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Researcher of the Month
Shanawaj (Roy) Khair
Biology major, University Scholars Program, Class of 2016
Research Mentor: Dr. Ellen Li, Stony Brook Medicine
When Roy Khair was awarded a Gates Millennium scholarship funding a “good-through-graduation scholarship to use at any U.S. based, accredited college or university of [his] choice”—he chose Stony Brook. Roy recounts, “I thought this place was the best fit for me and turns out it was! I found Dr. Li, I found Dr. Gergen, phenomenal classes…and I found URECA!”
Currently a junior majoring in Biology, Roy has been working with his mentor Dr. Ellen Li since 2013 to explore the role of gut bacteria in colon cancer. Roy contacted Dr. Li as a freshman, submitted a URECA proposal in his second semester at SB, and was selected to participate in the inaugural URECA Explorations in STEM research program –co-administered by URECA, the Career Center and Technology & Society. Roy recalls: “The URECA STEM Exploration program was more than just giving you funding. We had weekly meetings designed to help students be more engaged in terms of career development – how to network, how to present yourself, how to expand your interests, how to know about other careers out there. The Director, Marianna Savoca, was really helpful in terms of getting us exposed and learning how important those skills were.” Roy’s research with Dr. Li was supported for a second summer (2014) by a URECA-UG Biology alumni award; and he is currently engaged in co-authoring and preparing a manuscript (submitted). Roy plans to apply to MD/PhD programs next year.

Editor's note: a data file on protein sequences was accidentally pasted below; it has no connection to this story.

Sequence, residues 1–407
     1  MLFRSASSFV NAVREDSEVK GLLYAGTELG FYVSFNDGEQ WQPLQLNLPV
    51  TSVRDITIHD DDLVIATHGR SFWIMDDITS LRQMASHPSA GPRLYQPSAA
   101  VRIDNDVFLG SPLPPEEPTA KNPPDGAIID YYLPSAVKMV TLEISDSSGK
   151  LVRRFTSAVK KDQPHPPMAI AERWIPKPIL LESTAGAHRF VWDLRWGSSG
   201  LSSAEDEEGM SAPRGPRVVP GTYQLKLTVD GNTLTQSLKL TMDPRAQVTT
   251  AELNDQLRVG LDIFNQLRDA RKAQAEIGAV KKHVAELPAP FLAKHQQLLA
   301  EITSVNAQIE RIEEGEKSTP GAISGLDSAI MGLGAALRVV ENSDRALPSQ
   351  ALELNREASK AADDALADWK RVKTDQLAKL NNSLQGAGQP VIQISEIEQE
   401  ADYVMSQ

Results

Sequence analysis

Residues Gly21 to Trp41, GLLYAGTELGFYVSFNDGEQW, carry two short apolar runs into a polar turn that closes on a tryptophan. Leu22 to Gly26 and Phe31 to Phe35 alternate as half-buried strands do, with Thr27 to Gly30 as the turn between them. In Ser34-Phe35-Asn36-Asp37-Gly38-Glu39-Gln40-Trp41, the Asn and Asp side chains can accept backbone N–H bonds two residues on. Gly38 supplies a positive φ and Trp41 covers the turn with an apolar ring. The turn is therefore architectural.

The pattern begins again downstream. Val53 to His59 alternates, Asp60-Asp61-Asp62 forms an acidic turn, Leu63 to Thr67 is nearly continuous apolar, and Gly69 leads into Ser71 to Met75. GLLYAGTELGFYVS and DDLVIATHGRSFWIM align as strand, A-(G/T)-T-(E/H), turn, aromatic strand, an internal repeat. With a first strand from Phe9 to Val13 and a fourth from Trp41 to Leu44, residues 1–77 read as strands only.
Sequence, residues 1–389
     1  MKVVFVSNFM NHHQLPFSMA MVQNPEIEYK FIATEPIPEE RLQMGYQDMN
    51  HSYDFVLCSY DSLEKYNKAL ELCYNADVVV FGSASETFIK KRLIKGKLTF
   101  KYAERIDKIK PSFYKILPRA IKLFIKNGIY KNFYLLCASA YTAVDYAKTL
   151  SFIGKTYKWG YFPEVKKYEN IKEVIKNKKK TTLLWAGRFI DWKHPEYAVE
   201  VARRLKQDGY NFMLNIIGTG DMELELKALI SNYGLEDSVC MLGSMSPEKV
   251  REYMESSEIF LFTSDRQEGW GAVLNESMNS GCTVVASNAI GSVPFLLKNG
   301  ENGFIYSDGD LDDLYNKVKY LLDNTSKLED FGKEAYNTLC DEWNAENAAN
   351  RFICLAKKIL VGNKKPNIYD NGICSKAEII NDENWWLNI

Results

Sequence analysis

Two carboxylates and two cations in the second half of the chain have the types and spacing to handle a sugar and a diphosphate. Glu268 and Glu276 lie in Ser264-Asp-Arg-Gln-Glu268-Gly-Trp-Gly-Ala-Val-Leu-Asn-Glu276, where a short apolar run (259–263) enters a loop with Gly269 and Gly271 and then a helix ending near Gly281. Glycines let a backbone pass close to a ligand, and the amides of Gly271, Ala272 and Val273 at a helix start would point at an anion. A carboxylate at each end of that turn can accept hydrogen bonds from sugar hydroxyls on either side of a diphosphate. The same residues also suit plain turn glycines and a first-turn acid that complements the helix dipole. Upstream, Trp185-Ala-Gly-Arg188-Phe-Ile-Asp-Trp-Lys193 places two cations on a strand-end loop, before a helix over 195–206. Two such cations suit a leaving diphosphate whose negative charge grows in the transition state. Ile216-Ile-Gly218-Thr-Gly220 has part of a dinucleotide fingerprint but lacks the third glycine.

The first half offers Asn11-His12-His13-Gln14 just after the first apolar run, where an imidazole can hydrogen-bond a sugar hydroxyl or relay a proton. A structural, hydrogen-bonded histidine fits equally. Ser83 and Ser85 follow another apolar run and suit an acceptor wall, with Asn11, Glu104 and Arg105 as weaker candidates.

This past fall, Roy participated in the Gates Millennium Leadership Summit and Lobby Day in Washington, D.C. – enjoying the opportunity to interact with legislators
and gain experience in cancer advocacy. [See also >>] Recently, Roy was invited to represent SB undergraduate research at a SUNY RF Board Meeting.
At SB, Roy has been involved as an EOP/AIM tutor for General Chemistry, Biology, and Organic Chemistry. In his freshman year, Roy was an Undergraduate Fellow - Undergraduate Colleges. His hobbies also include photography, and exploring international cuisines.
Roy’s fascination with gut microbiome research began when he was a high school student
at John Bowne HS in Flushing, and initiated an independent science research project
with Dr. John Dennehy and Dr. James Carpino at CUNY Queens to investigate the correlation
between body mass index and Bacteroidetes and Firmicutes Frequencies in the Gut—a project he presented at the NYC Science and Engineering
Fair & that brought him to the Intel International Science & Engineering Fair (ISEF)
finals (2012). Roy was also a participant in the fabulous American Museum of Natural
History Science Research Mentoring Program where he worked with Dr. Mande Holford and Dr. Hilleary Osheroff on recombinant synthesis
of Tg77 peptide from Tererbra guttata (cone snail venom).